Much used on the party scene, and in the bedroom, Amyl Nitrate, otherwise referred to as Poppers, is a vasodilator, which expands blood vessels. Inhaling the chemical can cause flushing, relaxation of involuntary muscles, and an initial ‘rush’. In Australia it is illegal to sell amyl for use as an inhalant, but is often sold in its liquid form labelled as a ‘leather cleaner’ to circumvent the current legislation.
The most common side effect of the use of amyl is a temporary headache. However, long term damage to the eye “increasing report of misuse and abuse” has now prompted a call from the Therapeutic Goods Administration (TGA) of Australia to ban amyl entirely.
What are the side effects of amyl (poppers) to the eye?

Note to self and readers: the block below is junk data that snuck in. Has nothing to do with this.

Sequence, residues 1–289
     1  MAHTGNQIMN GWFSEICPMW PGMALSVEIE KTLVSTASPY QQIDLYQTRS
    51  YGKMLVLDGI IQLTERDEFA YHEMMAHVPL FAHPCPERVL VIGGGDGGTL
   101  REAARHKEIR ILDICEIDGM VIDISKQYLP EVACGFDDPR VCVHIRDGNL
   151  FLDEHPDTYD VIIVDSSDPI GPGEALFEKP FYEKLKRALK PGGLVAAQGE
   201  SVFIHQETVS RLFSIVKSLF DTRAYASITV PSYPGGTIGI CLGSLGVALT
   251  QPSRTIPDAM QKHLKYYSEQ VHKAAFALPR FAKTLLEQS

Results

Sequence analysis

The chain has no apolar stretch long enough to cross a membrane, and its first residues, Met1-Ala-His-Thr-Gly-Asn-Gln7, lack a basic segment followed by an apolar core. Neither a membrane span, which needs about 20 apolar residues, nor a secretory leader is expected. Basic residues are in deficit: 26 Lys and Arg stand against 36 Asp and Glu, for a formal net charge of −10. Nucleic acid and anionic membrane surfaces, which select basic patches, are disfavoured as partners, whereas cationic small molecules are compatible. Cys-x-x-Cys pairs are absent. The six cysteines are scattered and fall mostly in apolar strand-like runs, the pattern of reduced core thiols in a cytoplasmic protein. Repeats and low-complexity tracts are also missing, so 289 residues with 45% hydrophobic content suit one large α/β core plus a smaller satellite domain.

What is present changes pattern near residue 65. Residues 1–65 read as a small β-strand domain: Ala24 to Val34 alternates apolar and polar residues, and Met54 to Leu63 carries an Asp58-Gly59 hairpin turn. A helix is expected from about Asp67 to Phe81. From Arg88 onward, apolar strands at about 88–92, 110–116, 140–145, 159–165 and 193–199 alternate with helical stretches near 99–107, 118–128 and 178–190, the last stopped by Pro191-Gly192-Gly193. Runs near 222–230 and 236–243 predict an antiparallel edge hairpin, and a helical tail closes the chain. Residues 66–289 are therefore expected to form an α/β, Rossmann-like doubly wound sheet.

Amyl Nitrate can cause retinal damage to the macula, otherwise referred to Popper maculopathy or Amyl maculopathy. This causes irreversible damage to the retina of the eye and permanent vision loss. The condition is rare, with approximately 30 published cases in 2016 in the UK, and it occurs after long term misuse of the drug.
Our optometrists at Eastlakes Eye Care recommend regular users have a complete retinal and optic nerve assessment as a baseline and followup tests at regular intervals. If you have any questions regarding the effect of Amyl on the eye book in an eye test by calling 02 9667 3545 or clicking the link on this page.